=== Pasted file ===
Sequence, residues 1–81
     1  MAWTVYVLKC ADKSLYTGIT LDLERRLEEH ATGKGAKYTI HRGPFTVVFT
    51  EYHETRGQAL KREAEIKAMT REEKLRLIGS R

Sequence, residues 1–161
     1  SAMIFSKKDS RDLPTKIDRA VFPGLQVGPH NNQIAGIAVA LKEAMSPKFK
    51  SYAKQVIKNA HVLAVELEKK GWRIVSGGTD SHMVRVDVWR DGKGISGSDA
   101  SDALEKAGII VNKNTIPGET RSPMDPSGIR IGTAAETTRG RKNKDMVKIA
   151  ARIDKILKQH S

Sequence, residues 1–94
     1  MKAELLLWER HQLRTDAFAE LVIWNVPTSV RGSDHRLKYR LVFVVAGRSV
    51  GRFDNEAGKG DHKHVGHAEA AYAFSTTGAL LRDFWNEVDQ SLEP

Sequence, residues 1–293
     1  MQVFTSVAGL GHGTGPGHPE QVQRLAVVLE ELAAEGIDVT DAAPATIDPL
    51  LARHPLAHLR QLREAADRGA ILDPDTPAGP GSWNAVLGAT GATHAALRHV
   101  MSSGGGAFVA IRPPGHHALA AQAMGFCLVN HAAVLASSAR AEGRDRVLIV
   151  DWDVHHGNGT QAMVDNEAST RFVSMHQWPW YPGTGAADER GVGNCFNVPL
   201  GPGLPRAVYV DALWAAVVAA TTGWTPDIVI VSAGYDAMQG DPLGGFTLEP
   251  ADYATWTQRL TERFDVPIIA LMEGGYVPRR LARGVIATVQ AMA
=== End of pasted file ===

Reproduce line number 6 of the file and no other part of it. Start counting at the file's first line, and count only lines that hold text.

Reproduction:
    51  SYAKQVIKNA HVLAVELEKK GWRIVSGGTD SHMVRVDVWR DGKGISGSDA